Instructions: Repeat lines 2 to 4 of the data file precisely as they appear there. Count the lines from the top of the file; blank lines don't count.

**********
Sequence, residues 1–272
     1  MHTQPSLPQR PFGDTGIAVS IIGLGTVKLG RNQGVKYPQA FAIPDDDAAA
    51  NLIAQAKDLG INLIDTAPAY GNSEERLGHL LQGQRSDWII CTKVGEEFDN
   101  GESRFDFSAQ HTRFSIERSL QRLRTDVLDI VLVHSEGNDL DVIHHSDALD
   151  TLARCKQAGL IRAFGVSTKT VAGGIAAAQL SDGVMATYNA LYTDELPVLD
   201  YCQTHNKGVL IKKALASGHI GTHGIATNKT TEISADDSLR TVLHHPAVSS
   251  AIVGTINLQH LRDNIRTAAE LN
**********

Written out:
     1  MHTQPSLPQR PFGDTGIAVS IIGLGTVKLG RNQGVKYPQA FAIPDDDAAA
    51  NLIAQAKDLG INLIDTAPAY GNSEERLGHL LQGQRSDWII CTKVGEEFDN
   101  GESRFDFSAQ HTRFSIERSL QRLRTDVLDI VLVHSEGNDL DVIHHSDALD